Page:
At Redskins Park, in Ashburn, Va., the year-round training ground for Washington, in the flight path of nearby Dulles Airport a half-hour from the city. It's a mini-Snyderville, with a field of tents set up behind the building for the big-wig sponsors and banners ringing the backside of the building (Toyota, FedEx, MasterCard, etc.). Fans park outside the complex and walk in, and this morning, the first practice day of camp for the full squad, about 1,000 (mostly sedate) fans come to stand on one side of the main practice field to watch the show.
I long for the days of camp in Carlisle, Pa., at Dickinson College, where there was much more fan/player interaction (although, to be fair, I think
"There's no question it has to help him,'' Zorn told me. "He's a more comfortable player and it shows in everything he does.'' I'm writing about Campbell for the magazine next week, and he had some interesting things to say about an off-season that had the Redskins looking to deal for
Defensive tackle Albert Haynesworth. When Haynesworth was talking to the Redskins, he wanted to be sure of one thing: He wouldn't have to change his style of play. The Titans allowed him to penetrate and attack the backfield over the last seven years. Under Blache, the Washington tackles have been more read, hold the fort, and then react and attack.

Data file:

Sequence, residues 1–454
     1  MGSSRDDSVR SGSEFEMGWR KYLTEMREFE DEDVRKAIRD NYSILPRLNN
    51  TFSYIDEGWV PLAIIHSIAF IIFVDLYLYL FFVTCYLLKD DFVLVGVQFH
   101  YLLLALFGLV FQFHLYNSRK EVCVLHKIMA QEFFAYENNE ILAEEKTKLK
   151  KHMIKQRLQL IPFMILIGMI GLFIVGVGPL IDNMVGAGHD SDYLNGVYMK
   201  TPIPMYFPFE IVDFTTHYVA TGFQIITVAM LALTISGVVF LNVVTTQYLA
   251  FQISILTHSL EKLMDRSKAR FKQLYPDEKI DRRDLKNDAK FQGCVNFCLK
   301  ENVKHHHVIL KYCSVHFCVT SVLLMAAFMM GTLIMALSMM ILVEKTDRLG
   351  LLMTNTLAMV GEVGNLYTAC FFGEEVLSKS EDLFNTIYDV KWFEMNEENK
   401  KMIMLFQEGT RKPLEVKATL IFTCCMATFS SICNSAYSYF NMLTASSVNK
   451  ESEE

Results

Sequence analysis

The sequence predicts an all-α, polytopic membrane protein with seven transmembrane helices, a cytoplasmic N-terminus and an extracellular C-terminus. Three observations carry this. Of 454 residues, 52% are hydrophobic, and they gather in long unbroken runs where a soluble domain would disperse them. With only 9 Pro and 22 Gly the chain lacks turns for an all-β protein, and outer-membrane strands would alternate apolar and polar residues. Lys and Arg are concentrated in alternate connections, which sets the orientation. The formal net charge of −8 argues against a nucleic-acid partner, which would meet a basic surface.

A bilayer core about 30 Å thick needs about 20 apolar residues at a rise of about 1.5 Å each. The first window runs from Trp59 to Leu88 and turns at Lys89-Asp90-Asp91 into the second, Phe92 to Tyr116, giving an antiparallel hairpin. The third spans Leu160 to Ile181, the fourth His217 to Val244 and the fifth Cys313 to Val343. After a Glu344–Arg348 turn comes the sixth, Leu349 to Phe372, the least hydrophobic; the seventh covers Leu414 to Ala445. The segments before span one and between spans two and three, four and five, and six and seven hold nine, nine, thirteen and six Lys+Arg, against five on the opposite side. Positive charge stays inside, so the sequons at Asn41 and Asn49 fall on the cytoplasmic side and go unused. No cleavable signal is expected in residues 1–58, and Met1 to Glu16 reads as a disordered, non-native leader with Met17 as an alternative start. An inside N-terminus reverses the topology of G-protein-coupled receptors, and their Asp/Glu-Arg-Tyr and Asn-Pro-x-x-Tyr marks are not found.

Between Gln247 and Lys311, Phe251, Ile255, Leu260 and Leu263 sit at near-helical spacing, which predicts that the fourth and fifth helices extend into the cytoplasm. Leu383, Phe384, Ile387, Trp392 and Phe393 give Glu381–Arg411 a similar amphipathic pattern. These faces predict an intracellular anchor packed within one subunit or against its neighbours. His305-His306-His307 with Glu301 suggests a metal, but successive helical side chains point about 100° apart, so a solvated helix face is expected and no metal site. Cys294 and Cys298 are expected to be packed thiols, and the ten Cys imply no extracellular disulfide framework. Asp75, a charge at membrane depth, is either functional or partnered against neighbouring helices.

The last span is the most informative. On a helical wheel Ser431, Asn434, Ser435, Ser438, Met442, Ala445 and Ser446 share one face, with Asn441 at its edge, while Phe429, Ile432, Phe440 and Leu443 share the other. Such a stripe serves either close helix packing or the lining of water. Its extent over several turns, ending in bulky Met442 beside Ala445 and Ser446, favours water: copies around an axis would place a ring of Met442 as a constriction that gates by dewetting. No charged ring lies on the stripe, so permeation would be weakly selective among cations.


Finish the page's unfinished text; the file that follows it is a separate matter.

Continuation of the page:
"If I was going to come here, I wanted to make sure they'd let me be me,'' Haynesworth told me. "I wasn't coming here to change my style and be one of those 'read' guys. But they said they wanted me to play my game, and so that made my decision easier.
Traditionally, Blache's tackles mostly stay at home and set up plays for the rest of the defense, but he said he'd never had a tackle like Haynesworth. "We've always had things in our playbook for tackles like Albert to play, but we didn't have that guy. So we weren't going to force it.'' Now we'll see if Haynesworth can play a full season and anchor a defense very much in need of a big playmaker. He's only done that once in seven previous NFL years.
With my SI.com road crew --
Happened to mention to
I'm in danger now of setting the bar so ridiculously high for food on this trip that I'll regret it later, but here goes. This is a Persian place, with all Iranian specialties. I chose the beef gyro, with a side of cucumber/tomato salad. The gyro was to die for. Tender and spicy meat (I added more spicy cucumber sauce) with onions, lettuce and tomato, in a pillowy pita. Add a SoBe black current water, and grading this place was simple.
Overall grade: A.
I asked the owner why he called it Moby Dick House of Kebab.
"Because you ask,'' he said in a thick Middle Eastern accent.
"I don't understand,'' I said. "Why?''
"The attention! The attention! Everyone is curious!''